Timothy Stelzer receives Rose Award for Excellence in Teaching

Siv Schwink

Associate Professor of Physics Timothy Stelzer
Associate Professor of Physics Timothy Stelzer
Timothy Stelzer has received the 2015 Rose Award for Excellence in Teaching from the College of Engineering at the University of Illinois at Urbana Champaign. The award was presented at a College of Engineering faculty awards ceremony on Monday, April 27, 2015.

Stelzer, a high-energy particle theorist who has developed software now in use by particle physicists around the globe, and is a founding member of the Physics Education Research Group at the University of Illinois. Stelzer is a strong proponent of the importance of evidence-based teaching methodologies and the effective use of technology in student learning..

Head of Department and Professor Dale Van Harlingen comments, “There is indeed not an award at any level that includes the words 'teaching excellence' for which Tim should not be a leading candidate--his impact on understanding how students learn physics and how we should teach it has been immense at Illinois and beyond. His creativity, intuition, leadership, and staggering amounts of hard work have resulted in greatly improved student outcomes and instructor satisfaction in the calculus-based introductory physics courses that are taken by every engineering student and many others across campus. I can think of no one more worthy than Tim of receiving the Scott Rose Award."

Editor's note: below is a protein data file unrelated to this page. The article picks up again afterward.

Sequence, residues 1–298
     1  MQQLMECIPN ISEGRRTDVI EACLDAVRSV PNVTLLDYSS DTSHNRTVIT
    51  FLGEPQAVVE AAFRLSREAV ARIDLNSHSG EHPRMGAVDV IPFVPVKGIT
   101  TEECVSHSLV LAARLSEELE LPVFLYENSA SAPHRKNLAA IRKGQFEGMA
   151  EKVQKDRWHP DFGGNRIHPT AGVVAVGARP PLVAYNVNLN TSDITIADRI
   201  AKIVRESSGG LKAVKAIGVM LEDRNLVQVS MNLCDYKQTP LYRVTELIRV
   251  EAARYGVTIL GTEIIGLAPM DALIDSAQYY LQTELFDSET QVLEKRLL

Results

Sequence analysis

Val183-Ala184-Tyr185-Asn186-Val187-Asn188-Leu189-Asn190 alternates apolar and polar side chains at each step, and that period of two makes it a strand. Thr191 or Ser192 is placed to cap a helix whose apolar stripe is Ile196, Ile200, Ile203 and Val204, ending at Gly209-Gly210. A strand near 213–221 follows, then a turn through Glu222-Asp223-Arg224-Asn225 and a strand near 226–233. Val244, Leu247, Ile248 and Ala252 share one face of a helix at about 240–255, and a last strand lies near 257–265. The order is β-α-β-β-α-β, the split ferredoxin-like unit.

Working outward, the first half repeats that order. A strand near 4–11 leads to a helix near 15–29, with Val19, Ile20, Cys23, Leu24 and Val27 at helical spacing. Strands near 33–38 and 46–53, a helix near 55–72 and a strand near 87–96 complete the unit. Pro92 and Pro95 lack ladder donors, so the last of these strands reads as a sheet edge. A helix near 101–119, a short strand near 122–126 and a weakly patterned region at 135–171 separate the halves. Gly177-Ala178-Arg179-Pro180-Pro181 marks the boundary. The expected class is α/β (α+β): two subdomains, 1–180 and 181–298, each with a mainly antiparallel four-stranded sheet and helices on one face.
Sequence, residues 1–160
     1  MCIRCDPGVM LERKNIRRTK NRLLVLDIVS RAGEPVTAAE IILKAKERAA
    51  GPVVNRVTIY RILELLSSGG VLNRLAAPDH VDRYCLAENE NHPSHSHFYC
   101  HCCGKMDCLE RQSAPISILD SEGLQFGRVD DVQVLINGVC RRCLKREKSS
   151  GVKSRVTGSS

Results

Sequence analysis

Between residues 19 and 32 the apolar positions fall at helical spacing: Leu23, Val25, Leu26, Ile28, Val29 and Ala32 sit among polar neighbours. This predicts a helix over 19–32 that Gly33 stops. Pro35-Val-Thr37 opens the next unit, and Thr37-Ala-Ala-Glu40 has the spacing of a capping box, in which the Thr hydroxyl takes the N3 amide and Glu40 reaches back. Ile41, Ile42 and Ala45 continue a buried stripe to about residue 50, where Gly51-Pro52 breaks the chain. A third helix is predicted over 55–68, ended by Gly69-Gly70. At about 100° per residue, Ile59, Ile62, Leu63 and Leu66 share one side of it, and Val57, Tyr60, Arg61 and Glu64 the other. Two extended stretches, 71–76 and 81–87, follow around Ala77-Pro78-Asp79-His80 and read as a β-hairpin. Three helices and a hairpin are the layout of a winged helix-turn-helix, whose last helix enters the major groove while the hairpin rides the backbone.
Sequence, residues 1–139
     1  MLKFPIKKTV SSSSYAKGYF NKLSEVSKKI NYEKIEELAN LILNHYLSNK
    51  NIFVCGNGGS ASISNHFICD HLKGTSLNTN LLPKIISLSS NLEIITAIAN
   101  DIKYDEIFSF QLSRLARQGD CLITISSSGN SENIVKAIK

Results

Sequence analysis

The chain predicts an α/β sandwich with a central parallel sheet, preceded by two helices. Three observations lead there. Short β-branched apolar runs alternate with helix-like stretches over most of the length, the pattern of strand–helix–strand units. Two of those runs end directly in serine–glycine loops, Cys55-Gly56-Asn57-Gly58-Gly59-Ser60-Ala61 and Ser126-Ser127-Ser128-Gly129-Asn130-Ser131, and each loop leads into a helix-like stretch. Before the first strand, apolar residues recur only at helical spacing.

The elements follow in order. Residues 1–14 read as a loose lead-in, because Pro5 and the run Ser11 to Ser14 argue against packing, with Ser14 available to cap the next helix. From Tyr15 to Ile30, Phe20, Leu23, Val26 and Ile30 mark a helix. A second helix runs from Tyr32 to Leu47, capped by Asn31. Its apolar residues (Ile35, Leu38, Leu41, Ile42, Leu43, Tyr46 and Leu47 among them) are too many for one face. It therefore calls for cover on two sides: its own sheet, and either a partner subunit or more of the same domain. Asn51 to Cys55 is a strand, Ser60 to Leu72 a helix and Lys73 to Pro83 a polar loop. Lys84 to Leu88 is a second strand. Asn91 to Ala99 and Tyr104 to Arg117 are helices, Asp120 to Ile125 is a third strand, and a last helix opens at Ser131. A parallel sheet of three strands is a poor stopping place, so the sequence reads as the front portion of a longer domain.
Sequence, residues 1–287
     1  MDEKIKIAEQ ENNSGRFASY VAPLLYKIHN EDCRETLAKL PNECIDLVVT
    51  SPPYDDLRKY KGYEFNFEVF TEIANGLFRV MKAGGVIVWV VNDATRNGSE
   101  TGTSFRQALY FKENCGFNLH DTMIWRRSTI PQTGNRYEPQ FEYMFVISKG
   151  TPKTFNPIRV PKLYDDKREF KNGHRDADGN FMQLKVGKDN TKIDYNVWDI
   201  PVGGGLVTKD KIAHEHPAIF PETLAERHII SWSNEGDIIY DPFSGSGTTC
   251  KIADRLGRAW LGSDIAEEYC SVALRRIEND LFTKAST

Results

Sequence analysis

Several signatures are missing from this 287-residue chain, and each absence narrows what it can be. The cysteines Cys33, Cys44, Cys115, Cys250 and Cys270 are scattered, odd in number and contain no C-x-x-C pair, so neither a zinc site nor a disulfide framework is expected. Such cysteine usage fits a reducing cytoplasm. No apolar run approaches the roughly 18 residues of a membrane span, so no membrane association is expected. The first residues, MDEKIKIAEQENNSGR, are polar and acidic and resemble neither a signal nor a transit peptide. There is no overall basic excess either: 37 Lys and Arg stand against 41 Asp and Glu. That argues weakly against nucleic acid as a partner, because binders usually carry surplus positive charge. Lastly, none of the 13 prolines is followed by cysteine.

He is a co-developer of smartPhysics, along with PER colleagues Mats Selen and Gary Gladding. smartPhysics is a web-based learning environment for the first year of introductory calculus-based physics (Physics 211 and Physics 212) that includes animated pre-lectures; lectures with content guided by student assessments, peer instruction, and active learning segments; and an online homework system with interactive tutorials and immediate assessments.